At one point in St. Vincent, Bill Murray’s new film that premiered to strong reviews at the Toronto International Film Festival, the actor is awakened by what he thinks is a telemarketer calling. He picks up the phone and says, “Come on, coward–try to sell me something!”
It’s a bit like how audiences and Murray fans might feel waiting for the opening credits once the film is released on October 10. They may not know who writer and director Theodore Melfi is, but they’ll be rubbing their hands together in anticipation, “Alright pal, you’ve got Bill Murray, Melissa McCarthy, Naomi Watts, and Chris O’Dowd here–show me something funny!”
He may not be a familiar name to moviegoers, but Melfi has been directing commercials for eight years–and he directed and produced independent films before that. Variety calls the film “unusually polished by first feature standards.” The director says it’s his advertising experience that gave a major Hollywood player like The Weinstein Company the confidence to put him behind the camera to direct his script.
Here, Melfi breaks down how his time in advertising made St. Vincent possible, why he’ll always be directing ads, and pro tips for directing Bill Murray.
Three years ago, Melfi wrote St. Vincent in about four weeks. He had planned to make it with friends, just like his other independent films but the script got into some important hands–and landed on the Black List— and soon studios were calling. “If I hadn’t done all the commercials I probably wouldn’t have been given the opportunity to direct the film,” says Melfi. He compares directing ads to working out.
“It’s the best film gym in the world,” he says. “By the time I got to St Vincent, I had shot so many scenarios I was ready for anything–I’ve shot kangaroos, I’ve shot dogs, cats, crowds, fight scenes, stunts, comedy, drama, handheld, dolly, helicopter, crane–I just felt that there was nothing I was unprepared for.”
He also plans to keep his film exercise regimen up. Melfi launched a new commercial production company called brother this year to keep his hands in advertising, features, TV, and branded content. “I have a very strict philosophy that if you’re not working out, you’re getting fat,” he says. “So any day on set is a good day. I have to shoot and work out and play and discover all the time. With brother, I wanted our own place to nurture a collective idea where I could be a real hands-on executive producer and help these other directors make the transition from features to commercials because they need that workout. It takes so long to get a feature out of the gates that you need to learn, practice, and polish your craft. I think the commercial world is a lateral step from features. Some people see it as a step down but I’ve never understood that.”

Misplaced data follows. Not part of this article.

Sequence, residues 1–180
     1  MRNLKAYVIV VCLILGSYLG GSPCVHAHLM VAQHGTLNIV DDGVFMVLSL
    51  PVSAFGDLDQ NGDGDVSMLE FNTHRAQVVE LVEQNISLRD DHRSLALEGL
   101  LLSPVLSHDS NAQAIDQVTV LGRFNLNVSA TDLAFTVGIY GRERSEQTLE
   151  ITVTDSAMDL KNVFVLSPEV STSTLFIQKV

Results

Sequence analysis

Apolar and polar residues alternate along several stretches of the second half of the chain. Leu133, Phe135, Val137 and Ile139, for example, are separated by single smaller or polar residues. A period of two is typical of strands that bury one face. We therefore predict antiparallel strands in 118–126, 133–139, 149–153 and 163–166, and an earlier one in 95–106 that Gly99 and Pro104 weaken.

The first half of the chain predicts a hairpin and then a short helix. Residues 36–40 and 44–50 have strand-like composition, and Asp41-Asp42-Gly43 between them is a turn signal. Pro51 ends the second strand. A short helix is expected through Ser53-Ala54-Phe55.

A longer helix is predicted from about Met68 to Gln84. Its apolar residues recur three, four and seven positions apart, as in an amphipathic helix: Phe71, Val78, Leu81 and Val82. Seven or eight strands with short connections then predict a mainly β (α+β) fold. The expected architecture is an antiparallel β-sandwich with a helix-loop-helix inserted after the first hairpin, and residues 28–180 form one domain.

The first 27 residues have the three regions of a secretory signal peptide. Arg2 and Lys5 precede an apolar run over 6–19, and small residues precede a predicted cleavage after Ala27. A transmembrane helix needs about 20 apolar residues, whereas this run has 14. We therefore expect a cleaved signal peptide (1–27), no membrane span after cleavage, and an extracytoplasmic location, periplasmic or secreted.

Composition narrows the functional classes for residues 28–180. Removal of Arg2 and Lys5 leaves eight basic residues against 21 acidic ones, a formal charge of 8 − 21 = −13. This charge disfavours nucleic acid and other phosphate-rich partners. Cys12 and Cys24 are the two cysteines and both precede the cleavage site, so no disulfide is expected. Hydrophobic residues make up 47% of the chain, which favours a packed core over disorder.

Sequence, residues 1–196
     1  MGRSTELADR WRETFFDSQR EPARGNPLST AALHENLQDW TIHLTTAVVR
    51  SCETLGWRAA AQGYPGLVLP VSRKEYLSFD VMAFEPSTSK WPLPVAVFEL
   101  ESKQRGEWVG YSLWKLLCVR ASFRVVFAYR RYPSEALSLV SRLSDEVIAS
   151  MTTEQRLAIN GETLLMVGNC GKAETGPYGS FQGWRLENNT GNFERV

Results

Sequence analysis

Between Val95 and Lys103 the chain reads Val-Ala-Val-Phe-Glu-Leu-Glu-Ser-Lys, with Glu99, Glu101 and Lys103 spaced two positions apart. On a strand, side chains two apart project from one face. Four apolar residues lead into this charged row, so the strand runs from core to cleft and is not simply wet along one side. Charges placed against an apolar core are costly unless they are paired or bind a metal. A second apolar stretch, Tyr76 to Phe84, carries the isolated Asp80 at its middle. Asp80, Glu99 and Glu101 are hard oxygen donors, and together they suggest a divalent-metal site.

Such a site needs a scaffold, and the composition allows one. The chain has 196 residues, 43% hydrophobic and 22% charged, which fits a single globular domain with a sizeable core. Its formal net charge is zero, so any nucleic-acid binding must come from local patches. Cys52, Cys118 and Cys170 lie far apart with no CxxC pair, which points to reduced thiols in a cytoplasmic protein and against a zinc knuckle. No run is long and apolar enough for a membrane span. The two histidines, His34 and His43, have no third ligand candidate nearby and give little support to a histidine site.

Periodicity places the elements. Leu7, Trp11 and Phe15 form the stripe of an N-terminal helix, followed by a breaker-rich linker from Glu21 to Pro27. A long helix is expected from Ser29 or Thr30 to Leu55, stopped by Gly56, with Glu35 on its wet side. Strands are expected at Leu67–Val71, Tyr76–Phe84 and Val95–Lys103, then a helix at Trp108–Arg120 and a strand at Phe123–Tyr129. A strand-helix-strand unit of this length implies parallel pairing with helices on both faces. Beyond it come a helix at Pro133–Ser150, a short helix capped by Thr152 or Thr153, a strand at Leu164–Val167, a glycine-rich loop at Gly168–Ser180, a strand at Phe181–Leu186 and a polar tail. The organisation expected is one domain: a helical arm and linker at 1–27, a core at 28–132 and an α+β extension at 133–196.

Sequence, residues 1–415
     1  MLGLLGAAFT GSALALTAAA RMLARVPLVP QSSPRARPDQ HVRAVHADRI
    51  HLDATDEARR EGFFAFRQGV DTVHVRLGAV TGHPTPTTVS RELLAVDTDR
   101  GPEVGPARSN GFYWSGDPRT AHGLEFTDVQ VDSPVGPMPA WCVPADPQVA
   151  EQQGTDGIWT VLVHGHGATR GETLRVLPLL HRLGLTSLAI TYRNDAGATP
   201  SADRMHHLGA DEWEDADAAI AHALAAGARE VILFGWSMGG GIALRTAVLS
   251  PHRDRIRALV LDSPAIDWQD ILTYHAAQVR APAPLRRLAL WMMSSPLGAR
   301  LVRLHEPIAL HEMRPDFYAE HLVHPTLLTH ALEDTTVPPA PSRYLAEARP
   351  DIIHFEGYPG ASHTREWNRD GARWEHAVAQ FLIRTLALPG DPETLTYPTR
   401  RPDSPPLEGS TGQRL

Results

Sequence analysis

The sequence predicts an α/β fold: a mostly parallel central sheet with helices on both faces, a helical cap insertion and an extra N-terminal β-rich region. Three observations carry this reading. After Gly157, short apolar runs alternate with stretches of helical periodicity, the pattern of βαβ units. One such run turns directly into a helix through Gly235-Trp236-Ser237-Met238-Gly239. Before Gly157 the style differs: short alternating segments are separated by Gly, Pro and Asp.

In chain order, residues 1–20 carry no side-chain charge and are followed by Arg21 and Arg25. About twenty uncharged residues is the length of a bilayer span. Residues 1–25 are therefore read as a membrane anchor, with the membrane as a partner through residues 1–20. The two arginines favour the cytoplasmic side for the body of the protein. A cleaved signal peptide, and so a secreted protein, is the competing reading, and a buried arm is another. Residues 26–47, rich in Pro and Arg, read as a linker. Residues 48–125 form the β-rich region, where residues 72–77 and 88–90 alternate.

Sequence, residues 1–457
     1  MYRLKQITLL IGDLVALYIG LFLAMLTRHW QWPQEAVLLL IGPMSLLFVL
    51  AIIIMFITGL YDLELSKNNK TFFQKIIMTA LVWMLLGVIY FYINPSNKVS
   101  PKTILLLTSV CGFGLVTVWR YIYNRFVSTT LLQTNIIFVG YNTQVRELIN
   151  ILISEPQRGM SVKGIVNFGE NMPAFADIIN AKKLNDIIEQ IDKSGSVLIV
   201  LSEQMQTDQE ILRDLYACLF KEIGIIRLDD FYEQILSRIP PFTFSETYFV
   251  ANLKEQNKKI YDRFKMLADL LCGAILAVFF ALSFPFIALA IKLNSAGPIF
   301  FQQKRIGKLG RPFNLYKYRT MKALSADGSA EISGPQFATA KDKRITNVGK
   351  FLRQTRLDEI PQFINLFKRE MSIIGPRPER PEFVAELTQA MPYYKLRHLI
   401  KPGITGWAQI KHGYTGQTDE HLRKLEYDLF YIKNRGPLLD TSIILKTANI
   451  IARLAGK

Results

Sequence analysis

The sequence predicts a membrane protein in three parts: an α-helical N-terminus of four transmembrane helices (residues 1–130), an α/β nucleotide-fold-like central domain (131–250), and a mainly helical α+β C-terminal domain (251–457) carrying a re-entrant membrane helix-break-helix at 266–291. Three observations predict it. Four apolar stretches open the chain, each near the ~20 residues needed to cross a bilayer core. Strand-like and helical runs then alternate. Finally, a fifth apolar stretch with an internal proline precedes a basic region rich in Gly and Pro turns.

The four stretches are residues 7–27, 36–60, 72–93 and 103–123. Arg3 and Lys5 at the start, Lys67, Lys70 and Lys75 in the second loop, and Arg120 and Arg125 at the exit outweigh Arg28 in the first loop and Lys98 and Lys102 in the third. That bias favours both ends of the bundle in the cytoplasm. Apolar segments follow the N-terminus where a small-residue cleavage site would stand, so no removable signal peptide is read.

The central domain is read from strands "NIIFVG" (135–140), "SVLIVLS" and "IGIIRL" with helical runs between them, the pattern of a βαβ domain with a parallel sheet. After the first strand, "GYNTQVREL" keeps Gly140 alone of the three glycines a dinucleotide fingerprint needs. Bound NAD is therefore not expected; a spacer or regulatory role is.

Watching St. Vincent, you get the feeling that Melfi knows exactly when and how to create emotional momentum. There isn’t any narrative loitering. The director says it was advertising that taught him to keep things tight.
“It paid so many dividends on St. Vincent because you know instantly when something is too long, or you’re taking too long to get that bit of comedy or drama out,” says Melfi. “If you take too long the drama is sappy and the comedy is dull. So the 30-second discipline taught me instinctively to know when certain takes or filmed pieces were working or not working. It’s especially important when you’re working with comedians and actors of the caliber of Bill and Melissa McCarthy, Chris O’Dowd and Naomi Watts. They also know when something is too long or short. So we were able to fly around that set and shoot the movie in 38 days because we had the experience and discipline of commercials.”
Melfi wrote a great story, but the heart and soul of the film is Murray. And it wasn’t an easy task to get the infamously hard-to-reach actor to even read the script. But Melfi’s persistence paid off. Here’s his pro tips to any other directors lucky enough to have their phone calls finally returned.
Do: “Stop talking.”
Don’t: “Manipulate. Don’t manipulate the camera, the direction, the actors, the situation. Let comedy live and breath on its own, and if it doesn’t it doesn’t, if it does it does. Bill Murray taught me every day to relax and allow.”
Do: “Be overly prepared in what you want to achieve and how you want to achieve it. I storyboarded every shot–800 shots–of this movie.”
Don’t: “Give up. Persistence. If you want something or someone in life, it takes effort and you can’t quit. There’s always another way to do it.”